Masses of shrimp eggs leave visible slick on the Great Salt Lake

It may appear alarming, but the mats of brine shrimp eggs are a sign of a healthy lake.

(Utah Department of Natural Resources via AP) This undated photo provided by the Utah Department of Natural Resources shows floating brine shrimp egg clusters, which start to resemble thick pools of chocolate milk the closer they get to shore.

What look like oil slicks on the surface of the Great Salt Lake are actually congregations of billions of brine shrimp eggs, known as cysts, that form when wind and currents align in certain ways.

But these mats that form every fall are not pollution, but rather proof that Utah’s vast saline lake is a productive ecosystem. The lake’s brine shrimp not only feed millions of migratory birds, particularly eared grebes, but the tiny crustaceans also support a thriving industry that harvests their minute cysts, which are processed and exported to commercial aquaculture operations in Asia.

Able to keep for years, dried cysts are hatched into brine shrimp, which are fed to prawns grown in ponds.

While photos of gooey cyst mats posted Friday by Utah State Parks made national news, this year’s egg masses are hardly out of the ordinary, according to John Luft, who heads the Division of Wildlife Resources’ Great Salt Lake Ecosystem Program. The muddy accumulations seen last week at Great Salt Lake State Park and Marina are nothing to be alarmed about.

“Most people aren’t aware of simple things like that that we think of as old hat,” said Luft, whose program oversees the commercial cyst harvest.

Utah is about midway through its four-month harvest that began Oct. 1.

“They have harvested 21 million pounds so far, which is what we normally see at this point in the season,” said Luft. “I anticipate we will finish in the mid-30s. Last year was a record 45 million pounds.”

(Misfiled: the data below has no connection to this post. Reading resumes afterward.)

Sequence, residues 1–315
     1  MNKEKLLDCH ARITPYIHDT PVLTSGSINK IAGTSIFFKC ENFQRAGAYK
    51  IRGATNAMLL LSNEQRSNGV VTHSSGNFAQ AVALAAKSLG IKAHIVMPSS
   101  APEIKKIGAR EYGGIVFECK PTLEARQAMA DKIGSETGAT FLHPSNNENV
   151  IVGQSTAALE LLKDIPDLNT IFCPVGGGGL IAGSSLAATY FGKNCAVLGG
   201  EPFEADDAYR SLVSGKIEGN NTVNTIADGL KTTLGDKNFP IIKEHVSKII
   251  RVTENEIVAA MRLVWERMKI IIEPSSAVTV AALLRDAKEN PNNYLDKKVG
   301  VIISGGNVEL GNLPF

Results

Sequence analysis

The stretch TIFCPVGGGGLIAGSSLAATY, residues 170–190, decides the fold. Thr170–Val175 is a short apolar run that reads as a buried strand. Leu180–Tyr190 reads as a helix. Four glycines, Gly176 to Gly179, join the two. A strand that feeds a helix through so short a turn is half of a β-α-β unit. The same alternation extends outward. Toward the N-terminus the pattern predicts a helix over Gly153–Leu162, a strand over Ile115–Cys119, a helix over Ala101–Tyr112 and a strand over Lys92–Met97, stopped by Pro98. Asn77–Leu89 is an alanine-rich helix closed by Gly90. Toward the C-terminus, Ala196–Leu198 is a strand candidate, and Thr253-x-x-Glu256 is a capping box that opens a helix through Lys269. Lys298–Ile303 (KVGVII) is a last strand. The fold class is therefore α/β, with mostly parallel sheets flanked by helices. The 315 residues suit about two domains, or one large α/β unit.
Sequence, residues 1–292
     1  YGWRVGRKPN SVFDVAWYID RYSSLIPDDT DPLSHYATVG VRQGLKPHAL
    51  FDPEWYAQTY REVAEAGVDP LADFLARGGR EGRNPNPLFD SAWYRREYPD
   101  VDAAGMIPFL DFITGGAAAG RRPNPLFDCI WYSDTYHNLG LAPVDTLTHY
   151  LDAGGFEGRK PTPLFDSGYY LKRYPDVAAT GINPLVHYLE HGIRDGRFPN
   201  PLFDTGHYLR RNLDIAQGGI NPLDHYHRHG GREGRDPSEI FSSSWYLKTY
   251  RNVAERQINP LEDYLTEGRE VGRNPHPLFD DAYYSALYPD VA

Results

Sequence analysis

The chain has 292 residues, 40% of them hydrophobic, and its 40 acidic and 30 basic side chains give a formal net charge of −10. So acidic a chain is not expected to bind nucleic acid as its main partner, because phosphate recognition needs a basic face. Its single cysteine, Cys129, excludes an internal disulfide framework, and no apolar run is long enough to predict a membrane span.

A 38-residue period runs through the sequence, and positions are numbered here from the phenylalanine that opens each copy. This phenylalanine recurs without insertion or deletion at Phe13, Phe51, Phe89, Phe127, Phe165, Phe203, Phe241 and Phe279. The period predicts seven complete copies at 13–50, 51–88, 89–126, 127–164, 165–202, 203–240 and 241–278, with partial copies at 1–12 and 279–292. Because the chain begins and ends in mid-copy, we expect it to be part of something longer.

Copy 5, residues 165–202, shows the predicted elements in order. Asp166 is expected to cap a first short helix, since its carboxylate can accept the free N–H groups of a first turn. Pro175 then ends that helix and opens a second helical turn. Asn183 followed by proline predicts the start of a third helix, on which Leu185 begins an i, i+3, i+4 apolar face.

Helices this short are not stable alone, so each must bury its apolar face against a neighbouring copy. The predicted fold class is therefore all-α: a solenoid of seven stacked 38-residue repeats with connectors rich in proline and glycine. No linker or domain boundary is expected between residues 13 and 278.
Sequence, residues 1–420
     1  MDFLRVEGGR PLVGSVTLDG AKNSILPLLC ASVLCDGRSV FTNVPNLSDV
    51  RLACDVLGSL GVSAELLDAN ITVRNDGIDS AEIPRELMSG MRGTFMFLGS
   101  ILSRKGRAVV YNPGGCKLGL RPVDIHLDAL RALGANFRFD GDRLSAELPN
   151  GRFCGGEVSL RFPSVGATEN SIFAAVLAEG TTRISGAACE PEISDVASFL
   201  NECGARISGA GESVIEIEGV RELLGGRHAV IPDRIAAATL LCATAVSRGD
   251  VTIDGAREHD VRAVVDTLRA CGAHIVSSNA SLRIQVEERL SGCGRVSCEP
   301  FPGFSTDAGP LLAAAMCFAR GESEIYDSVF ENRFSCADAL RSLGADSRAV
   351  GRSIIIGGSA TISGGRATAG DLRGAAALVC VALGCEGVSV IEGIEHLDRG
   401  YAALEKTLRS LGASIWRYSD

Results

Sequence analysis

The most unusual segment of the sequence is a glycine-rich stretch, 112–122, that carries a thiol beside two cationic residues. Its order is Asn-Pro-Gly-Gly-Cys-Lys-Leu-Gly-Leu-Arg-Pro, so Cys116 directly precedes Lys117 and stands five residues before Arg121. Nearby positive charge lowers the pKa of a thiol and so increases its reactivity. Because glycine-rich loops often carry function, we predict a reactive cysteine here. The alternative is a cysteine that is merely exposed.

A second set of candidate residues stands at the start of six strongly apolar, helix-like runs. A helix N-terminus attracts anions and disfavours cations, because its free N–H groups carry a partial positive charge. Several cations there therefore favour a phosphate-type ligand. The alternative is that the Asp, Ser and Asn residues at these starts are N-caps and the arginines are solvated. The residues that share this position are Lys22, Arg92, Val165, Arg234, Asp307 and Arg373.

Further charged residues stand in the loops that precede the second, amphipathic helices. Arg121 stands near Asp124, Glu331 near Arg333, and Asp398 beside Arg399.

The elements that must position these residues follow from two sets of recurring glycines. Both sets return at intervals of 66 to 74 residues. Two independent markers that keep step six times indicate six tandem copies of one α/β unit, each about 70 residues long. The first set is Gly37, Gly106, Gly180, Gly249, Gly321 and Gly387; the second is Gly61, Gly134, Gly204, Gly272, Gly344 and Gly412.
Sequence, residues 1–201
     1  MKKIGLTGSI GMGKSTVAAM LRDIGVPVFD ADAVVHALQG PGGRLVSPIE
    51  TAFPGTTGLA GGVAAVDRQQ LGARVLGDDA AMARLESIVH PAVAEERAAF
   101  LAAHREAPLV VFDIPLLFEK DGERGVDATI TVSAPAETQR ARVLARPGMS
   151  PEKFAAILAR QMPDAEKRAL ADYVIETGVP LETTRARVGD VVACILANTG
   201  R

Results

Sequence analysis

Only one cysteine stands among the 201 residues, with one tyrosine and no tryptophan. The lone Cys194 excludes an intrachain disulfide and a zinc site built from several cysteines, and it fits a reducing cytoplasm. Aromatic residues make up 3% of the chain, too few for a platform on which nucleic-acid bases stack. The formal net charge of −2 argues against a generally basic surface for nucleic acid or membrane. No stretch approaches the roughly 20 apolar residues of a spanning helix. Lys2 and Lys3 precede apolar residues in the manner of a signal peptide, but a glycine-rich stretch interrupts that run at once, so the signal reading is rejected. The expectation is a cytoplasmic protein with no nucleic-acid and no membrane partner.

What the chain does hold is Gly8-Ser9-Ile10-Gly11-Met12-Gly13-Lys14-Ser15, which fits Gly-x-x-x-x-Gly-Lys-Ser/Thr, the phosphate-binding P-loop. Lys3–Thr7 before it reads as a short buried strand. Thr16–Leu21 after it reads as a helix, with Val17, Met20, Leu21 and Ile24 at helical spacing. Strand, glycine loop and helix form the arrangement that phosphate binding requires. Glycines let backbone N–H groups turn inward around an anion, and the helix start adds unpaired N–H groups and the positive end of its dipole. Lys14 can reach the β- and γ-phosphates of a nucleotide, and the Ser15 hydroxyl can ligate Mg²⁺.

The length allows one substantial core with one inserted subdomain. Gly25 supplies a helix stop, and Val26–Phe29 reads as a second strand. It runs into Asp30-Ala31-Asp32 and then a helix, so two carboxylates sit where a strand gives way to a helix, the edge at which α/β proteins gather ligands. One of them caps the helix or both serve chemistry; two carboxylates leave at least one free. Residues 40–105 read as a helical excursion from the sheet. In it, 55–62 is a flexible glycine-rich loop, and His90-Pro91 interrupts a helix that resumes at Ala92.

Harvesters pay a 3.75-cent royalty on each pound of unprocessed cyst they extract, resulting in more than $1 million in annual revenue to the state.

The season normally runs until Jan. 31, but DWR will shut it down early if water samples indicate cyst concentrations fall below 21 per liter. The lake is nowhere near that threshold now. In fact, there is so much brine shrimp cyst present that Luft is considering extending the harvest.

“We are at 100 [cysts per liter], twice as much as normal,” he said. “It’s possible to underharvest, which is why we have extended the season twice in the past. It is risky to leave too much cyst in the system.”

This is because too many cysts leads to too many brine shrimp in the spring, when there aren’t as many shrimp-eating birds on the lake. As a result, proliferating shrimp could overgraze the algae that supports a healthy population, according to Luft.

Prior to the late 1990s, cyst harvesting was not carefully regulated, and the state stepped in at the request of industry, according to Jaimi Butler of Westminster College’s Great Salt Lake Institute.

“They figured out how to optimize the harvest,” she said. “Since they have been managing, there are more grebes coming [to Great Salt Lake] than ever, 4 to 5 million grebes.”

After spending the fall fattening up on shrimp, the grebes are now clearing out.

“It’s gotten cold enough that most of the brine shrimp have started to die, so the eared grebes are leaving,” Luft said. “We see big flocks taking off heading for the Salton Sea or California coast.”